Pat O’Hara didn’t expect to see another Father’s Day.
This time last year, the 59-year-old Silver Lake, Indiana resident was knocking on death’s door with blue fingertips caused by a lack of sufficient blood flow from his failing heart. Unhealthy hearts run through Pat’s family and he had already seen two of his siblings die from heart failure. And, last spring, he began to fear he would be next. He had a few months left to live unless he received a heart transplant, but his body simply wasn’t strong enough to endure such a major operation. He began to lose hope.
Fortunately, Pat was taken to Indiana University Health Methodist Hospital where doctors performed a medical first for Indiana that made it possible for his body to recover strength as he waited for a lifesaving heart transplant.
The next-generation mechanical implant, known as the SynCardia Total Artificial Heart, functioned as both a substitute heart and a “bridge-to-transplant” therapy that helped his body pump blood and regain organ function so that it could survive being transplanted with a human heart. After living with the portable mechanical heart for five months, Pat received his new human heart on Thanksgiving and was discharged home in time for Christmas.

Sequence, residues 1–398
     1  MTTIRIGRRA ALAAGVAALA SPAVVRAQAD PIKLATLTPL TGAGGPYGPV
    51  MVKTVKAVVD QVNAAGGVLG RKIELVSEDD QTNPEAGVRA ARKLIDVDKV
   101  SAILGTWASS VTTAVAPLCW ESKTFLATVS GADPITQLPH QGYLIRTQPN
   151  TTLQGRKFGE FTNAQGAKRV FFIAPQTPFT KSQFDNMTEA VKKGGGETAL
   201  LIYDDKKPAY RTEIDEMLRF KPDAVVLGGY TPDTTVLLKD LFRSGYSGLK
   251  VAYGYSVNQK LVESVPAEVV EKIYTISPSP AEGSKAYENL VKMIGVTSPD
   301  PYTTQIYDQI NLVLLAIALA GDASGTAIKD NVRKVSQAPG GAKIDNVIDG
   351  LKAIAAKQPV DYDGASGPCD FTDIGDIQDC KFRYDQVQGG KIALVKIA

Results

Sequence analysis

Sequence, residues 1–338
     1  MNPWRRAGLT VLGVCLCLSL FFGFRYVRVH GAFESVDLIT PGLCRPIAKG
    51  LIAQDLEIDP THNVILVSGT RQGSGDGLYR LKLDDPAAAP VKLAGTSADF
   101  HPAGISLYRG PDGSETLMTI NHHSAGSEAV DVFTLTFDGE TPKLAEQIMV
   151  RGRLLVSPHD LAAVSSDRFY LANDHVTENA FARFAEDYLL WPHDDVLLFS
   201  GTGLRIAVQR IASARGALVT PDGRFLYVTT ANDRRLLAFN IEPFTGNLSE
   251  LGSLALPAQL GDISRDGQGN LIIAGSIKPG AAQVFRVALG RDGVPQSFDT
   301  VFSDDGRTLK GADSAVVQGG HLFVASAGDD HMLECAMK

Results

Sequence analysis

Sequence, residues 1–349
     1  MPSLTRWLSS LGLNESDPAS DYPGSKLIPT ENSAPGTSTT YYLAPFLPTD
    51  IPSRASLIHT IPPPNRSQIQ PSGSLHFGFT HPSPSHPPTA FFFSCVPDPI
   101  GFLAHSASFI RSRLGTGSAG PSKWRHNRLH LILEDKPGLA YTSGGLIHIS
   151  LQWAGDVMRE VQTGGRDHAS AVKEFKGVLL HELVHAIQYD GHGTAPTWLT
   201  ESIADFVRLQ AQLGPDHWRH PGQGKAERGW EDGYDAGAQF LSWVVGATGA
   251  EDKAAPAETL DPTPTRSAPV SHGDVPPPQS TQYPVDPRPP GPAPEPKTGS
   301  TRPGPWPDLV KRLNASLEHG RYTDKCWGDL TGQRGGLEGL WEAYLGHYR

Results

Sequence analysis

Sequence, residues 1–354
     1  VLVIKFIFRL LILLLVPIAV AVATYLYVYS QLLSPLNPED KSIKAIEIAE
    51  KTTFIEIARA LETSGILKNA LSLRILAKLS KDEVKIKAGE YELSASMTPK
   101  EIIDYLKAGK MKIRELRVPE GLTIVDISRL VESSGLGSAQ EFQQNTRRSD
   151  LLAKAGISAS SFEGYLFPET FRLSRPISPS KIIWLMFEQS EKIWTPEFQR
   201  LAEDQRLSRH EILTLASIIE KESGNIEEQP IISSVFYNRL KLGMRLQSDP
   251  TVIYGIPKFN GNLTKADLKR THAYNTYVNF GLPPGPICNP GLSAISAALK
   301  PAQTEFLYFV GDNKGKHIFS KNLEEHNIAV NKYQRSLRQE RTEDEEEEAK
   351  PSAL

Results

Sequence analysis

“Without the artificial heart technology and his heart transplant, Mr. O’Hara wouldn’t be here today to see his kids, his grandchildren and the lives they’re going to have,” said I-wen Wang, M.D., Ph.D, a cardiothoracic surgeon at IU Health Methodist Hospital who specializes in heart and lung transplants and ventricular assist devices.
As he approaches a Father’s Day he never expected to see, Pat reflects on the past several months of his new life and the activities he’s been able to enjoy. “Today, I’m feeling better than ever," Pat said. "I’ve been working on cars, going fishing, playing with my kids and grandkids, and hanging out with my own father.”
“Before this operation, I didn’t have much of a future. But, now, I have a chance. They gave me a new life.”